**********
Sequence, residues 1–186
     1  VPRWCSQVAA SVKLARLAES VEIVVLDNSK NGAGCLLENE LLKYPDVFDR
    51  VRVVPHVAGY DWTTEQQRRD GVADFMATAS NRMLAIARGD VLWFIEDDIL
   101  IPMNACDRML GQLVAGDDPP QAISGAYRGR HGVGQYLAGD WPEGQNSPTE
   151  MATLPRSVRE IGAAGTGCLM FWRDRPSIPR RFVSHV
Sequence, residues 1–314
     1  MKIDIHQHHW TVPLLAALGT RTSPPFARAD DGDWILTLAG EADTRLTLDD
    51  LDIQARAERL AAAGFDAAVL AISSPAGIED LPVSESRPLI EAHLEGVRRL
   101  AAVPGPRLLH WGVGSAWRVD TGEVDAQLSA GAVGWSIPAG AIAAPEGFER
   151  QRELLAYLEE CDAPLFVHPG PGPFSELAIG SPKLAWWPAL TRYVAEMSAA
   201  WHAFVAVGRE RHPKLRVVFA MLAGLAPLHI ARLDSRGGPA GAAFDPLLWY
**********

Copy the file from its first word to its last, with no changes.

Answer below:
Sequence, residues 1–186
     1  VPRWCSQVAA SVKLARLAES VEIVVLDNSK NGAGCLLENE LLKYPDVFDR
    51  VRVVPHVAGY DWTTEQQRRD GVADFMATAS NRMLAIARGD VLWFIEDDIL
   101  IPMNACDRML GQLVAGDDPP QAISGAYRGR HGVGQYLAGD WPEGQNSPTE
   151  MATLPRSVRE IGAAGTGCLM FWRDRPSIPR RFVSHV
Sequence, residues 1–314
     1  MKIDIHQHHW TVPLLAALGT RTSPPFARAD DGDWILTLAG EADTRLTLDD
    51  LDIQARAERL AAAGFDAAVL AISSPAGIED LPVSESRPLI EAHLEGVRRL
   101  AAVPGPRLLH WGVGSAWRVD TGEVDAQLSA GAVGWSIPAG AIAAPEGFER
   151  QRELLAYLEE CDAPLFVHPG PGPFSELAIG SPKLAWWPAL TRYVAEMSAA
   201  WHAFVAVGRE RHPKLRVVFA MLAGLAPLHI ARLDSRGGPA GAAFDPLLWY